(Zhao Liang; France/ China; 2009)
The first experience of a glitch with the mechanics of the festival, as the film was shown for the first 5 or so minutes with the wrong ratio size, leaving all the subtitles off-screen and unviewable. After a few minutes of houselights up and audience murmuring, we were treated to a cinema version of pantomime, with a screen image being re-sized digitally while the audience yelled “No, more, more, wait! Yes! No! Bit more! Bit moooorre! Yes!” I was almost disappointed this moment of audience camaraderie was over.
This documentary's depiction of Chinese people forced into homeless lifestyle in order to have their petitions heard at the main Petition Office in Beijing was direct and to the point. Their lives are a near hopeless convolution of bureaucratic hold-ups and rejections, and they often run the risk of physical harm and even death (one segment of the film shows some of the petitioners retrieving pieces of clothing and shattered body-parts of two people who were chased by local government enforcers into the path of a train).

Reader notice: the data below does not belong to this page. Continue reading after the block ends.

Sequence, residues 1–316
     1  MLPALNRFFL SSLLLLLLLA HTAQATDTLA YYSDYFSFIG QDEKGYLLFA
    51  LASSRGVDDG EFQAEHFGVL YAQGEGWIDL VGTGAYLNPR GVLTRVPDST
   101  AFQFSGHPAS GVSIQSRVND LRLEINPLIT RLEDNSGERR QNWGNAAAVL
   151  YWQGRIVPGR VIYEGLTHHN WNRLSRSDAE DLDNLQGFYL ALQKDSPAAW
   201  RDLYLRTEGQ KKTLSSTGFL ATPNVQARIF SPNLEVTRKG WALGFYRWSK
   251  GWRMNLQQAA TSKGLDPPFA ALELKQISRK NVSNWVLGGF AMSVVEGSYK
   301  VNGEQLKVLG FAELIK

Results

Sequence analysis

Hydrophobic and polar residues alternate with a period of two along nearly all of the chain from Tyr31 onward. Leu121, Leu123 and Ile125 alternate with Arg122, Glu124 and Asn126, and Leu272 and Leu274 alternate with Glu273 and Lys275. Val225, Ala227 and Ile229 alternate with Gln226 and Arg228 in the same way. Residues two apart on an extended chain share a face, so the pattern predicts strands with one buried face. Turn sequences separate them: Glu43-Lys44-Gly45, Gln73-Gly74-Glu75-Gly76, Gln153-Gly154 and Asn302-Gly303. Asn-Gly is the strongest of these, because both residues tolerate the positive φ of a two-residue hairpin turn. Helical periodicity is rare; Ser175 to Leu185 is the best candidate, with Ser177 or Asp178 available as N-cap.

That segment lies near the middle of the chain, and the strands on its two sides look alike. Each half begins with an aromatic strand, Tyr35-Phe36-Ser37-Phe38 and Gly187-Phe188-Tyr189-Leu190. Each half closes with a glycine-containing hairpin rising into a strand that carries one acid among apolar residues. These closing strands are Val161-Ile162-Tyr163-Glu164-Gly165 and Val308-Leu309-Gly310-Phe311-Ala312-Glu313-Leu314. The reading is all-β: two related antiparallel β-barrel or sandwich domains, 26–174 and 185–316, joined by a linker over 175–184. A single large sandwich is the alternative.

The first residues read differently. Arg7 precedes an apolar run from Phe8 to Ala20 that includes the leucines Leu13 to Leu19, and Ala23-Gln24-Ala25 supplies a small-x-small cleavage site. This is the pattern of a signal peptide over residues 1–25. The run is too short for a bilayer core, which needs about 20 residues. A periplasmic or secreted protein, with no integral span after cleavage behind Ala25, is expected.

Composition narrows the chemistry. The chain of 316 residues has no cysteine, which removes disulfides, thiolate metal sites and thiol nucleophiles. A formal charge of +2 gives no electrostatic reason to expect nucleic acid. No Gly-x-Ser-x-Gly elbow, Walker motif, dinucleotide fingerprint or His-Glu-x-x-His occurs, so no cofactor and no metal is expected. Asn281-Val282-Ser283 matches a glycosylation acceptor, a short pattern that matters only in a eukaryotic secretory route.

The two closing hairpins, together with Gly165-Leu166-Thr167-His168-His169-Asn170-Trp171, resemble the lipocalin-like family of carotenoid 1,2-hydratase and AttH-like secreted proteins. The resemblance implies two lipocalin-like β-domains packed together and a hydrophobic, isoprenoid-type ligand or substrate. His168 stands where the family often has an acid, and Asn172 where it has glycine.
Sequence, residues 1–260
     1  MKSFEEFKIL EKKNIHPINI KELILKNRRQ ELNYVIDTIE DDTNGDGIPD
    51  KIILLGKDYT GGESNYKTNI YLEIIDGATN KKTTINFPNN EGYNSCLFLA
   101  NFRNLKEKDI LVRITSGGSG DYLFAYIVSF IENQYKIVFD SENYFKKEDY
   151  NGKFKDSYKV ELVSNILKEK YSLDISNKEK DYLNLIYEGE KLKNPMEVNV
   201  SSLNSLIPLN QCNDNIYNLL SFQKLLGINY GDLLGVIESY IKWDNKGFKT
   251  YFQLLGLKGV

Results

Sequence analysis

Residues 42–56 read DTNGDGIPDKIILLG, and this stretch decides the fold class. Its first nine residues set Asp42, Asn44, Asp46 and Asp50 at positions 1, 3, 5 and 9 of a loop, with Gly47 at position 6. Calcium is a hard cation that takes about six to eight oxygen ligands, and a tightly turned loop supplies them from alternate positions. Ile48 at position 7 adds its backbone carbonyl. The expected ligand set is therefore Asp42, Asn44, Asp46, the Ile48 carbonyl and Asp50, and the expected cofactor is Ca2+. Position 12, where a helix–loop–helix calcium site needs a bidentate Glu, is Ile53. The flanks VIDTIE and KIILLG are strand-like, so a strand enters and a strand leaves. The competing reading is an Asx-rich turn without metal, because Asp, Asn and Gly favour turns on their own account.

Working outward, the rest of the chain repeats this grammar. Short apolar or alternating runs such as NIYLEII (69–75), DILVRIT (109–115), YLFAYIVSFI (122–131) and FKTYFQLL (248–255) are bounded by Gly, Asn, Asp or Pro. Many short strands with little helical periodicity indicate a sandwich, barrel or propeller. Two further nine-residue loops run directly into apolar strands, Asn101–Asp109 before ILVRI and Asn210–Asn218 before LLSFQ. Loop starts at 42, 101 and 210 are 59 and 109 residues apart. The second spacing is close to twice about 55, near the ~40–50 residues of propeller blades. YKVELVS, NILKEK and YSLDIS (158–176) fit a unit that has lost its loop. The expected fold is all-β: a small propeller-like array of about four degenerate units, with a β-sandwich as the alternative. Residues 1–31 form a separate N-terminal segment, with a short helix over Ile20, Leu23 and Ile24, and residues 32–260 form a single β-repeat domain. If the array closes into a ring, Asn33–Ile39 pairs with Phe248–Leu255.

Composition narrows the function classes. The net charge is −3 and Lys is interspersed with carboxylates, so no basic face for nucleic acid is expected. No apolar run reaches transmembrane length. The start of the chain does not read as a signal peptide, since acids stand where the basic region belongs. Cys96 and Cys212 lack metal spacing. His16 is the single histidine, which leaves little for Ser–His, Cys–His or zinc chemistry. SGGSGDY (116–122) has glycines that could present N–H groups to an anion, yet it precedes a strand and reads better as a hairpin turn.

Where the film started to get sidetracked for me was focusing more and more on the drama between a mother and daughter, petitioning for the rights of their deceased husband/ father. Usually this microcosmic focus on the specific narrative of individuals within the larger studied group can reap reawards in documentary film. But, somehow, for me I found this focus on Qi and her daughter Juan to be a little too distracting from the general plight of the petitioners, to the point where I felt it had subsumed the focus of the film. I'm not saying this film lacked power and strength – the experiences of the petitioners hit you like a kick in the gut, but maybe I didn't need the 'softness' of a narrative about mother-daughter relations to ease the kick.